A Real Miracle

This is a true story of a real-life miracle that happened a month or two ago. While I might paint the scenery around the foreground to make the blog post more interesting, the core of the story is entirely true and without exaggeration.

To comprehend the situation fully you first need to understand something about my wife and for that let me use an analogy: women are like vehicles. Some women are shiny, sleek racing cars; others are reliable SUV mini-people-movers; still others are utility vans. As different as the vehicles are, they all have their good qualities. Notwithstanding my wife’s beauty and lovely personality, she’s definitely an M1A2 Abrams Tank. She probably averages about 0.8 sick days a year. If you cut her arm off she’d stay home only long enough to cauterize the wound with the heated base of a fry pan and only let out a barely audible hiss of discomfort while doing it. Then she’d be at work without delay. Such is my wife; one tough unit.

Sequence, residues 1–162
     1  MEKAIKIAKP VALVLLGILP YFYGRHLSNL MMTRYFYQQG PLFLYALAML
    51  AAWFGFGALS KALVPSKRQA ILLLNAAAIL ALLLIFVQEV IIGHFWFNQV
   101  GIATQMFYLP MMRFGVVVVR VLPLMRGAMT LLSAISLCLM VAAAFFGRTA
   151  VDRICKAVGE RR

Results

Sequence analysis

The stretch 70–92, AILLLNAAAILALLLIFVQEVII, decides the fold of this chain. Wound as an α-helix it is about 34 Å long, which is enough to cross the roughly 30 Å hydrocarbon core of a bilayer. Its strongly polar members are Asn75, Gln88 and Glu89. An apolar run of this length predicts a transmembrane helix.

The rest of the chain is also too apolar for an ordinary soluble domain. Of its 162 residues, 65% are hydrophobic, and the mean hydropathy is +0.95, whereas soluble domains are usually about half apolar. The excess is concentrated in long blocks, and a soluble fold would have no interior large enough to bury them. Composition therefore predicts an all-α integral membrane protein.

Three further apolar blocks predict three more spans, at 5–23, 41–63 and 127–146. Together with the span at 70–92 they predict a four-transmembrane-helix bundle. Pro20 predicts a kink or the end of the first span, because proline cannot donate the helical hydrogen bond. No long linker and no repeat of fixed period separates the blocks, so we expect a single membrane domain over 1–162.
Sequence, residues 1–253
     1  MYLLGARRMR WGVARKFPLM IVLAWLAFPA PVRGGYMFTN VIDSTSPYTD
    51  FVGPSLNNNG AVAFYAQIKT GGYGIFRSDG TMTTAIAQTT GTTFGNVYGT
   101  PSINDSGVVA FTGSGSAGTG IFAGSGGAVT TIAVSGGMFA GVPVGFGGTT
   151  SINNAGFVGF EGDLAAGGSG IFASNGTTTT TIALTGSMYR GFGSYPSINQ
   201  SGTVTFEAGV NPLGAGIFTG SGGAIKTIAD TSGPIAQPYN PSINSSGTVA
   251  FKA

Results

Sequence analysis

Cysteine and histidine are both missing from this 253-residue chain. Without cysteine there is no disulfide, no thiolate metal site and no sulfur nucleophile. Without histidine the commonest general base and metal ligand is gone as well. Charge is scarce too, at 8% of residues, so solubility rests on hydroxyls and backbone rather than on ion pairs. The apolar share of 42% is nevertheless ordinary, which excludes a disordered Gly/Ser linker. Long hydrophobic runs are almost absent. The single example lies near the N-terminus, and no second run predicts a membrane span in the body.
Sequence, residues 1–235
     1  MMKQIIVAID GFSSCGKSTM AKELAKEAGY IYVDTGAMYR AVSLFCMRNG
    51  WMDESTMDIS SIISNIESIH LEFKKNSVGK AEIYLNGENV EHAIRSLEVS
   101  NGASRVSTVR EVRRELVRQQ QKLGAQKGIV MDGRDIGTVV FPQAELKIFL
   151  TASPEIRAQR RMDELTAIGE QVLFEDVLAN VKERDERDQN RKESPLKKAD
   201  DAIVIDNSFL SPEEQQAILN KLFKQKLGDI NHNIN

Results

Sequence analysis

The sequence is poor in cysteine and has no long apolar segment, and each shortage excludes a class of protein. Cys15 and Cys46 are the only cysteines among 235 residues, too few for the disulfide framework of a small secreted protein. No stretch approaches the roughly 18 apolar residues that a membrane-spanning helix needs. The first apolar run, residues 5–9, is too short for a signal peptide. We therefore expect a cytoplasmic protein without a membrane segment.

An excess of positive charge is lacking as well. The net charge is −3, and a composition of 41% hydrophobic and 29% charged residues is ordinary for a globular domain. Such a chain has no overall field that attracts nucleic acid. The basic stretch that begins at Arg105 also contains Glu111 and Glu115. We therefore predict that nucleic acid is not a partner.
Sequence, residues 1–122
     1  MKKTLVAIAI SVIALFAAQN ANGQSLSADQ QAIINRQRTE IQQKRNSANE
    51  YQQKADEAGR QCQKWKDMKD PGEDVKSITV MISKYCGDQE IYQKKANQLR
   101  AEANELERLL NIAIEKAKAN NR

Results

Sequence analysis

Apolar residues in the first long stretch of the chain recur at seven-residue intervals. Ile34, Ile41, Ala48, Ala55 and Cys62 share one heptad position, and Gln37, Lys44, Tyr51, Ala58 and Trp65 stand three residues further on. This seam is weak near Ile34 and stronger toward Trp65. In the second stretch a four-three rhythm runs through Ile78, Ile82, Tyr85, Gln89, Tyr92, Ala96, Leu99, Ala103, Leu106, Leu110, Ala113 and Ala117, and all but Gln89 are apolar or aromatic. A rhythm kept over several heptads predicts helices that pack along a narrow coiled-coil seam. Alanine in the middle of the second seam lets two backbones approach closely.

So about a month or so back I told her I was experiencing some minor back pain. Not too uncommon for me, just enough to let make me uncomfortable and let me know I’d better not overdo it. I’d give it a 1/10 on the pain threshold. She said she too had a bit of back pain. Not unheard of, we’re both aging :). Throughout the week neither of us said much about it but we were both still dealing with it, without much in the way of visible signs.

On the Wednesday night she didn’t play basketball because of her sore back, which clued me in slightly that this was more than just discomfort. (I’m not the most observant man). I suggested we didn’t need to do a food shop this week. She replied we did have to because we were having dinner guests on Friday night. I offered to do the food shopping if she needed me too; she went ahead and did it herself anyway.

At work on the Friday I got an email in which she told me her back was really quite bad, and she’d just cancelled our dinner plans for the evening. Our outing for Saturday (adventure rooms) was also in jeopardy. For her to tell me she was in pain I knew it was bad. I offered to leave work early and catch a bus to her so I could drive her home. I suggested she leave work early. She declined both. Only later did I find out that “bad pain” actually translated to excruciating pain like: